Children’s author visit inspires creativity in Clinton Hill students
Children’s author and illustrator Javaka Steptoe visited P.S. 56 in Clinton Hill to share his latest book “Radiant Child: The Story of Young Artist Jean-Michel Basquiat” with the school community.
In preparation for Steptoe’s visit, teachers read the book in their classrooms and discussed the art and themes explored in the book. The students were able to ask some of their questions about Steptoe’s process and inspiration for creating his colorful children’s books.
His two-day visit culminated with a meet and greet for the P.S. 56 family. With crayons, glue and a host of other art materials, Steptoe led young participants in the creation of their very own stick figures, inspired by a popular image found in Jean Michel-Basquiat’s work. Principal Eric Grande thanked Steptoe for helping to inspire creativity in the students.
“Mr. Steptoe’s visit allowed students to see an actual writer in the flesh and helps them better understand that they too can write, illustrate and express themselves in a similar manner,” Grande said.
We caught up with Steptoe to learn more about how living in Brooklyn and his artistic roots have inspired his unique style.
Eagle Bookbeat: Your style is very eclectic. Where do you find your inspiration?
Javaka Steptoe: My parents are my primary inspiration. They were both artists. My dad [John Steptoe] was an author and illustrator and my mother was a painter. They met at New York’s High School for Art and Design. I’m also inspired by a lot of the artists from the Black Power Movement like Romare Bearden, Betye Saar and Elizabeth Catlett. Of course, I’m inspired by Basquiat. But I’m also inspired by a lot of the classical European artists like Picasso, Renoir and Rodin. I can see something in any type of art. What interests me is if there is something I can use in it, like a technique, colors or a medium. Artists choose materials they feel most comfortable with and that most poignantly say what they need to say.
Eagle: What do you need to say?
JS: [Laughs] Each book is different. With “Radiant Child,” I wanted to expose children to Jean-Michel Basquiat’s work by using objects and materials found around the city, to see the beauty in their environment. I want them to know that their power begins with them. Though you may have influences outside of yourself, it’s you that takes the initiative to make the first step and go forward.
Eagle: Did you set out to be a children’s illustrator?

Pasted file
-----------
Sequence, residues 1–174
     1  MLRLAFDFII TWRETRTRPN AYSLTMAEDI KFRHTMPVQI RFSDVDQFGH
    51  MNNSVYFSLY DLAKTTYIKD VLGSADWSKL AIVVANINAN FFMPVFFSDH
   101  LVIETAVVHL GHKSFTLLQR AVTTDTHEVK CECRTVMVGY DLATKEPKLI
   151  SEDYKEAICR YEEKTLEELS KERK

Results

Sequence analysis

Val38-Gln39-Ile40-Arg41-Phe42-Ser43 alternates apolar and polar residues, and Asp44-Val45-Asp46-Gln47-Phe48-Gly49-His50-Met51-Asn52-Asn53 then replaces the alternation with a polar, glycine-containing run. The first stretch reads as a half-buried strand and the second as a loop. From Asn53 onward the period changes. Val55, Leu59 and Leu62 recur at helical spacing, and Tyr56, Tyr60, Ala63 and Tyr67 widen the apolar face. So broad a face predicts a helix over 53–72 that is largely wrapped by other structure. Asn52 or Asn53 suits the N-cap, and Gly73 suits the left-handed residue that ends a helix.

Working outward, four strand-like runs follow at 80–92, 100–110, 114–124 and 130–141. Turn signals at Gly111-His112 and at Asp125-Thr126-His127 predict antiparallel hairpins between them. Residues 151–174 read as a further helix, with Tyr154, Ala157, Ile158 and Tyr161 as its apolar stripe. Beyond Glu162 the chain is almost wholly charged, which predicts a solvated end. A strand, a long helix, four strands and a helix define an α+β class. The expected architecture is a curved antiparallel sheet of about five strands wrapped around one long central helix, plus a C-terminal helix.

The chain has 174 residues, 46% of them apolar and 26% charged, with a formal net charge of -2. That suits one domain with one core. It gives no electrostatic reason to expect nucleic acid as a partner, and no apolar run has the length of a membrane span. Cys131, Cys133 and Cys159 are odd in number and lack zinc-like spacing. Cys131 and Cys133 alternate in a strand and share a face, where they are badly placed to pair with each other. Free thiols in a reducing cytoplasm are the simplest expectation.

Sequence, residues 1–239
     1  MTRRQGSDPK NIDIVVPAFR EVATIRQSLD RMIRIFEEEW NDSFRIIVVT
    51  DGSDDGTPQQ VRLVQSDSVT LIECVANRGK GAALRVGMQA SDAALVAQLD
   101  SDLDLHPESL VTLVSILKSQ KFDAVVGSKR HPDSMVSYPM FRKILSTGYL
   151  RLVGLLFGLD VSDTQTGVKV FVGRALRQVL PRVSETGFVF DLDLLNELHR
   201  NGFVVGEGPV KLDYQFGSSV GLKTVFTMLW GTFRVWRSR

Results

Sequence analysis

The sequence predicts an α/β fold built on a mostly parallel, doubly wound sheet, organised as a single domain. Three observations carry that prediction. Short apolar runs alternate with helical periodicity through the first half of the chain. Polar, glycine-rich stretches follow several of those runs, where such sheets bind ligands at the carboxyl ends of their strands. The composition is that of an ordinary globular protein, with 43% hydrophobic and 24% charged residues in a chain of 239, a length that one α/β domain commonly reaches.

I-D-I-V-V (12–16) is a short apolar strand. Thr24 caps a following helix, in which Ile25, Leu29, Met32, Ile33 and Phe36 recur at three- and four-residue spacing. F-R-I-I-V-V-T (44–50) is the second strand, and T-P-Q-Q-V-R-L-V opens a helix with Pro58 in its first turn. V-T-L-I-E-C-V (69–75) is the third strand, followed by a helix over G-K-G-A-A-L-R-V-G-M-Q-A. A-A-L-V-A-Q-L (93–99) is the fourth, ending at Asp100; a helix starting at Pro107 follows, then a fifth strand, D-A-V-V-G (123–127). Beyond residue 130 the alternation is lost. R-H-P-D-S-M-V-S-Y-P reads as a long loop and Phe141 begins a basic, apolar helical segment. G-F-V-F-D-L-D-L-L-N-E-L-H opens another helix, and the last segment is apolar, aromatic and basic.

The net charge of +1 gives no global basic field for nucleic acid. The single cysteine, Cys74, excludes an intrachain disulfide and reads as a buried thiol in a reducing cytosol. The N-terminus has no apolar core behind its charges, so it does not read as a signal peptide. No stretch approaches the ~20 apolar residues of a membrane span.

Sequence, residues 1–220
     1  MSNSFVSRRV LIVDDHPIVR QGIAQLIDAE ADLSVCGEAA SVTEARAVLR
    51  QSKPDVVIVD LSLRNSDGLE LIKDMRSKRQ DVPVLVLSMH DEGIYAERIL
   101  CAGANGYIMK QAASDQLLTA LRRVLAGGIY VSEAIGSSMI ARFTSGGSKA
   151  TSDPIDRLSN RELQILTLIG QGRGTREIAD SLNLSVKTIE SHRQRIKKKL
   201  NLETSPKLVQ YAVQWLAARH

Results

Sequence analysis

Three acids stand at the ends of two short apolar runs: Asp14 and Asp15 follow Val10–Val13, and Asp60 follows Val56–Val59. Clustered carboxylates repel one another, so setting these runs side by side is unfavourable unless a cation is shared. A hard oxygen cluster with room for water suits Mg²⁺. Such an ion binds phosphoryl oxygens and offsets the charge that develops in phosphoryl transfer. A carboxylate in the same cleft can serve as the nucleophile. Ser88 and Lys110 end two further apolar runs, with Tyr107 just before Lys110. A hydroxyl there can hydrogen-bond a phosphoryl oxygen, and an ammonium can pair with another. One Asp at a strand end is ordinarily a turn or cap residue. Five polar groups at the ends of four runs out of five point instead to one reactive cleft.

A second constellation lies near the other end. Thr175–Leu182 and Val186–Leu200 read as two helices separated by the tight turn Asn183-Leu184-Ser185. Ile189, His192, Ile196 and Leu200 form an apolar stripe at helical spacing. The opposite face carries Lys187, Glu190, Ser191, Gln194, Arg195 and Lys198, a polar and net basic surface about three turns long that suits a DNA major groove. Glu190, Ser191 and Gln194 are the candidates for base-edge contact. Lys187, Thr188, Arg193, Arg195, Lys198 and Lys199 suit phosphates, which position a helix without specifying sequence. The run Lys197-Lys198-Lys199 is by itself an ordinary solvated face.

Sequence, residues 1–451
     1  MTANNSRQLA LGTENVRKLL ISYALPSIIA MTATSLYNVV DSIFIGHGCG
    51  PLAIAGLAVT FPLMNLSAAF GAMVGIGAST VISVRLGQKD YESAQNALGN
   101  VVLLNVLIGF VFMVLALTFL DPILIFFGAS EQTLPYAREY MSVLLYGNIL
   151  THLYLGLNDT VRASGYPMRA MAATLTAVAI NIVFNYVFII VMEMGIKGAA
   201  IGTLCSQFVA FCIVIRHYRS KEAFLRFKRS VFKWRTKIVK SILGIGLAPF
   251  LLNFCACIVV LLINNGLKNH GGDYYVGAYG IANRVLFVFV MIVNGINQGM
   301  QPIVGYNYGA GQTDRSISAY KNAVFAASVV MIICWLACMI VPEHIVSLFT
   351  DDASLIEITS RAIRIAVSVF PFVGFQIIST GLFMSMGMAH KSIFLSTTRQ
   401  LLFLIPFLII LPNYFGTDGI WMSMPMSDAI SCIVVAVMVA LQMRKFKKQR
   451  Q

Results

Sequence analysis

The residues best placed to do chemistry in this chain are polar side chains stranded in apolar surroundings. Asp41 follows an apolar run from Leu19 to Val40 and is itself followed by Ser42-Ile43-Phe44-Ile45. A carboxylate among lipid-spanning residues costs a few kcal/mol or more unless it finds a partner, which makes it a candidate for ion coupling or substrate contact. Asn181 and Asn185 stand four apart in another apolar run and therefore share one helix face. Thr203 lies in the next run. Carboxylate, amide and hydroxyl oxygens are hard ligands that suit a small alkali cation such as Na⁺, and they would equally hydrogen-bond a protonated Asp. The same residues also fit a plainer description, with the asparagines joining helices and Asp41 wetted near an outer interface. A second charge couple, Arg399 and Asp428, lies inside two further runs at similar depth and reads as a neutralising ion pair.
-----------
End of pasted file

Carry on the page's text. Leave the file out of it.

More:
JS: Not really. I always drew and wrote stories. My first stories were comic book stories with great battles and things like that. And I just followed that love for art. I decided to illustrate children’s books in college out of necessity. I connected with a children’s book company looking for artists. I think people were naturally curious about my work because of my father.
Eagle: You visit a lot of schools. Does your time with the children inspire your work?
JS: Sure. On one of my school visits, the children made clay figurines based on Egyptian collection at the Brooklyn Museum. They painted the figures gold. I liked the idea and used the color in a book. I see and hear lots of things and it all gets catalogued to use later. How and when it will be used, I don’t always know. Whatever I’m working on has to be interesting to me first and then I take time to figure out how to say it and illustrate in a way that will be interesting to children.
Eagle: Jean Michel Basquiat is often characterized as edgy. Did you receive any push back about the subject matter?
JS: When you think about it, there are plenty of artists who have had problems, but their story is not being told through the lens of their problems. It’s being told through the lens of their greatness and how they innovated art. Once parents read the story, they’re OK with it. There was an initial reaction that the story is not child friendly. But it’s a story about a mother and son. The mother inspires the son, which is very child friendly. There is so much in [Basquiat’s] life that is good and nourishing for children of color. You see Haitian art on the wall of their home. You see images of New York, graffiti, hip hop music, advocacy through art. After researching [Basquiat’s] life, I realized that he was being cast in a more negative light and things didn’t necessarily happen that way. He wasn’t necessarily this wild child among a bunch of people who were prim and proper.
I think about the black experience when I’m creating. I think about young artists experiencing Basquiat’s work. When they go do research, they see a description that was built by people who didn’t necessarily like him. My power as a writer is to say that some of things may have happened, but this also happened. I can make the story “truer.”
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